Here is why we did not attend church yesterday. We intended to go, but something got in the way.
Miss Sugar looked out the window and said, “There’s a feral dog in the yard. Get our dogs inside or they might fight.”
We started using the word “feral” during the wildfires in our county. In my post “On the Run,” I wrote about two dogs that seemed to be pets who were now on their own and looking for something to eat. They were scared and took off.
Now we had another visitor. I hurried to the back door, where our two labs, Max and Sadie, were lounging on the deck, oblivious to any threat. I opened the door and they entered at a leisurely pace. As soon as I shut the door, the strange dog came up on the porch, right up to the glass door. Our dogs did not notice. Apparently, they are not watch dogs, but they sure can swim.
The wild, feral, trespassing dog was wagging his tail. Maybe our dogs had assessed the situation and decided he was not a threat. Maybe they had already gotten acquainted. Our visitor’s ribs were showing. So Miss Sugar gave him a dog treat, which he gobbled up.
I went outside and petted him. He was not vicious or scared. He was glad for the attention. He was brown and white, with freckled legs and floppy ears. I did not recognize the breed. He probably has more than one breed in his DNA.
Miss Sugar thought she recognized him as our neighbors’ dog. When we say neighbors, we do not mean folks whose radio we can hear. We mean people in a house we can barely see, which is across the bridge about a mile away.
So I tried to lure Rover into the Pathfinder with two more treats. He did not jump in, so I took a chance and lifted him up to the passenger seat, then gave him a treat. I ran around to the driver side. By then, he was occupying the driver’s seat, yet he let me in without jumping out.
We drove to the neighbors’ place, which involves opening and closing a gate. He stayed in the car as I took care of the gate. We found that no one was home. I had no writing implement, nor paper, nor anything to attach a note to their door, so we went home. Miss Sugar provided pen, paper and tape. So we went back. This time I let him out of the car, intending to leave him there. I posted the note and drove along the ditch road back toward home. Rover gladly followed me. He even forgave me when we arrived at Cross Creek Ranch at the same time. I told Sugar that he did not act like the neighbors’ place was familiar to him.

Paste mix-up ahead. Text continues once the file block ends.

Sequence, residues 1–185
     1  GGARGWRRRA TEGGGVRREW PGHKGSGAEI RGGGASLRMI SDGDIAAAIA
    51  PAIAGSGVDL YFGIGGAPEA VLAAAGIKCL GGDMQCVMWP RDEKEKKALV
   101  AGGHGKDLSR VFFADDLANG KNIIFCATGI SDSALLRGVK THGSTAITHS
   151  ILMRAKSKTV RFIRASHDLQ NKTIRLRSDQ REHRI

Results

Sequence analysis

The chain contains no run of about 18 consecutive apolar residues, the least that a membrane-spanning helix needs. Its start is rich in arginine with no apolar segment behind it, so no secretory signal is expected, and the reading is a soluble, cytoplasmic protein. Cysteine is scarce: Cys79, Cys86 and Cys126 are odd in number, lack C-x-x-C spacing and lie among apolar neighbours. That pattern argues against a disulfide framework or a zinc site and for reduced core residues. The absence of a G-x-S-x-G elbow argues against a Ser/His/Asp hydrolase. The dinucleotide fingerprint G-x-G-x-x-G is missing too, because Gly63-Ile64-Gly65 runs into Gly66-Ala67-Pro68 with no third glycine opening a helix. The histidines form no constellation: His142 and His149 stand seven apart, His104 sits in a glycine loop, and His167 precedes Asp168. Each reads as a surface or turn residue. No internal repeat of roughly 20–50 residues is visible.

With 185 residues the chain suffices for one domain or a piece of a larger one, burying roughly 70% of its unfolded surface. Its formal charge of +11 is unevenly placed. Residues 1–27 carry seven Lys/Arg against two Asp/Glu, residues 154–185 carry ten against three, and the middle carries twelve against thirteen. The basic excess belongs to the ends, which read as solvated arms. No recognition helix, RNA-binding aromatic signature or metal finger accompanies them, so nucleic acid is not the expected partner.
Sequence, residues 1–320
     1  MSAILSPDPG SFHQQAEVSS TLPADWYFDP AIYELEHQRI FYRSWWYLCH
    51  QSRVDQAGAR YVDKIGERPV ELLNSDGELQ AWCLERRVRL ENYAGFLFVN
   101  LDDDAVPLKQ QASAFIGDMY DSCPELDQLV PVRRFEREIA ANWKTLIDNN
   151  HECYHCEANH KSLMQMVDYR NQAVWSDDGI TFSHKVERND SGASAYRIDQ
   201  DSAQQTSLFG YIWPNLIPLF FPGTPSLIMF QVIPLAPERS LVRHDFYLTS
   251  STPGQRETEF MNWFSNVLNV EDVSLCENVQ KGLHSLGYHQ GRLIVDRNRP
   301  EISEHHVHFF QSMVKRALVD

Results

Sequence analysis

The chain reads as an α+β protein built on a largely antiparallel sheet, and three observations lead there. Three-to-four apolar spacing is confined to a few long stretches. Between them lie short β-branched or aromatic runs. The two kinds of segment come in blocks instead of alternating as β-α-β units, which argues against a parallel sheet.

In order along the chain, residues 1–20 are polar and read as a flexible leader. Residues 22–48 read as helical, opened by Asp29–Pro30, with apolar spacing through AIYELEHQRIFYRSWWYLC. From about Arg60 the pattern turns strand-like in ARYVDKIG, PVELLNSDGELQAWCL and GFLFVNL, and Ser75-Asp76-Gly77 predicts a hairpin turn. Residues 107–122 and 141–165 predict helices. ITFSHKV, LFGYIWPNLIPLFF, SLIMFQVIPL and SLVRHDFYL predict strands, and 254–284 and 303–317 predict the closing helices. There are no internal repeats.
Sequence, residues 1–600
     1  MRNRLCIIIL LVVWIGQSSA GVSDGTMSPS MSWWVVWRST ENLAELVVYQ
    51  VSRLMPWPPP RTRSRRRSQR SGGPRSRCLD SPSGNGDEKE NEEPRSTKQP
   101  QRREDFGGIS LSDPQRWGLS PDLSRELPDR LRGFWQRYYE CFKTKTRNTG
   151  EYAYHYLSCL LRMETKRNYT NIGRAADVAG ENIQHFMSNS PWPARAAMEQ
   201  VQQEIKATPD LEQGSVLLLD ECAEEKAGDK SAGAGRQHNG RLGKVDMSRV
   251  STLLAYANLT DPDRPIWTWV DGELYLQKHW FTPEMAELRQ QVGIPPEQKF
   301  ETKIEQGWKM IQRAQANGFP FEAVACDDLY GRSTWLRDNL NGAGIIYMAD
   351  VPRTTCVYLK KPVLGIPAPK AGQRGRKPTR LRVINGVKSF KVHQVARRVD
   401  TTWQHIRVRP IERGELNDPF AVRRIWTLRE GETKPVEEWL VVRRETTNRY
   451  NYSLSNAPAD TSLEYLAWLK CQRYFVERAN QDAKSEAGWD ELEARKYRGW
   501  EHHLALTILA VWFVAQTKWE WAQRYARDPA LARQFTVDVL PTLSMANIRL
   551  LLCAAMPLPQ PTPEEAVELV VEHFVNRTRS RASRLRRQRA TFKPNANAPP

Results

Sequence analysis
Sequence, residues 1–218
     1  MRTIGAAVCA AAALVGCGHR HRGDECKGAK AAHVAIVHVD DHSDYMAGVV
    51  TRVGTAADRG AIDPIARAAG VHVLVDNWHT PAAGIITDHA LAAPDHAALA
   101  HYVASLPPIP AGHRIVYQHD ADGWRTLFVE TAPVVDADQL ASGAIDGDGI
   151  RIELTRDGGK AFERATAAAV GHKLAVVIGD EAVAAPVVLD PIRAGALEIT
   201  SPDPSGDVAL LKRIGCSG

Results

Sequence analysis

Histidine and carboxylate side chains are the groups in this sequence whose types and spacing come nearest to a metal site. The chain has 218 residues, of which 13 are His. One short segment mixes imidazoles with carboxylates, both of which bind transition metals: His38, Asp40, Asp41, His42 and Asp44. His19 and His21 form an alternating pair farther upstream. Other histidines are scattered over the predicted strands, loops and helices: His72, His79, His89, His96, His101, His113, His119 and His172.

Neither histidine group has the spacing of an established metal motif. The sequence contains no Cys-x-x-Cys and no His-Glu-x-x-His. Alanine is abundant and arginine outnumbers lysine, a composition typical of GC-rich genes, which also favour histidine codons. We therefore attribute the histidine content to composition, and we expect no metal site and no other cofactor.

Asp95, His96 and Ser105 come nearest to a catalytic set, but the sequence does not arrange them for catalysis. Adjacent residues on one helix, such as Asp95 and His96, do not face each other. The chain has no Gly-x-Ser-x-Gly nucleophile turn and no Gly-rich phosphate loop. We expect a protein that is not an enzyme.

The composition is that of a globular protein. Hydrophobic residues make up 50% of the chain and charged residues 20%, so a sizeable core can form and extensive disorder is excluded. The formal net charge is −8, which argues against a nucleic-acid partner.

So Miss Sugar called Animal Control. We live 20 miles from town. By the time the nice officer arrived, it was too late to go to church.
I was sad when the officer loaded Rover up. He commented that he probably belonged to an evacuee. We told him that if they don’t find his owner and he is put up for adoption at the Humane Society, we would be interested. Since we didn’t go to church, we figgered God would like to know we were kind to one of His creatures. I bonded with Rover as we hung out together yesterday. I miss him today.
P.S. The neighbor lady called later in the afternoon. Her dog was with her. She does not know whose dog we found.
I just began reading about Rover, as you suggested. That is the neat thing about certain animals, especially dogs, the way there is a bonding that can take place and there is no denying of it. It is strange knowing the ending, before the beginning. This was the beginning of 6 months you shared. I’ll be reading the rest soon. My “better half” just spent 3 weeks in Florida with one of our sons, they just had a second baby, i.e. another grandchild for us! She lands here in Indianapolis in one hour. I’m about to head that way. Have not seen her in 3 weeks. I took tomorrow off from work. God is good!